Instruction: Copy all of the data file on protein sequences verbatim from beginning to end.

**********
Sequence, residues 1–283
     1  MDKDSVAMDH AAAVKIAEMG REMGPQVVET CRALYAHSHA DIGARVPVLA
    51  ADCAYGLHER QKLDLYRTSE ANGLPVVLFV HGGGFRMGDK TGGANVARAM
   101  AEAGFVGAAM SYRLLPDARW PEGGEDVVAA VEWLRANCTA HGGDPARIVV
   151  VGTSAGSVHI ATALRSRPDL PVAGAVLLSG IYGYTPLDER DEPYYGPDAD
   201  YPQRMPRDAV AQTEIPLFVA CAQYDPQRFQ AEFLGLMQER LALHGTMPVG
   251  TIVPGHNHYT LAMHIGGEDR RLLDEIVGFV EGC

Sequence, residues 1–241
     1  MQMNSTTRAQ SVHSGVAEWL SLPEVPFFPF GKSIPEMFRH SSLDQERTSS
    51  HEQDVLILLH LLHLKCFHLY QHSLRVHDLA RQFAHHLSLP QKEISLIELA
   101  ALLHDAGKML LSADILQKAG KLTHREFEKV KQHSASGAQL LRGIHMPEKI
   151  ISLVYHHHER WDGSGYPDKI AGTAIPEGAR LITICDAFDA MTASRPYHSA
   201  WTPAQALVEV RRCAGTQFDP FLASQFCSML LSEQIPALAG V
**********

Sequence, residues 1–283
     1  MDKDSVAMDH AAAVKIAEMG REMGPQVVET CRALYAHSHA DIGARVPVLA
    51  ADCAYGLHER QKLDLYRTSE ANGLPVVLFV HGGGFRMGDK TGGANVARAM
   101  AEAGFVGAAM SYRLLPDARW PEGGEDVVAA VEWLRANCTA HGGDPARIVV
   151  VGTSAGSVHI ATALRSRPDL PVAGAVLLSG IYGYTPLDER DEPYYGPDAD
   201  YPQRMPRDAV AQTEIPLFVA CAQYDPQRFQ AEFLGLMQER LALHGTMPVG
   251  TIVPGHNHYT LAMHIGGEDR RLLDEIVGFV EGC

Sequence, residues 1–241
     1  MQMNSTTRAQ SVHSGVAEWL SLPEVPFFPF GKSIPEMFRH SSLDQERTSS
    51  HEQDVLILLH LLHLKCFHLY QHSLRVHDLA RQFAHHLSLP QKEISLIELA
   101  ALLHDAGKML LSADILQKAG KLTHREFEKV KQHSASGAQL LRGIHMPEKI
   151  ISLVYHHHER WDGSGYPDKI AGTAIPEGAR LITICDAFDA MTASRPYHSA
   201  WTPAQALVEV RRCAGTQFDP FLASQFCSML LSEQIPALAG V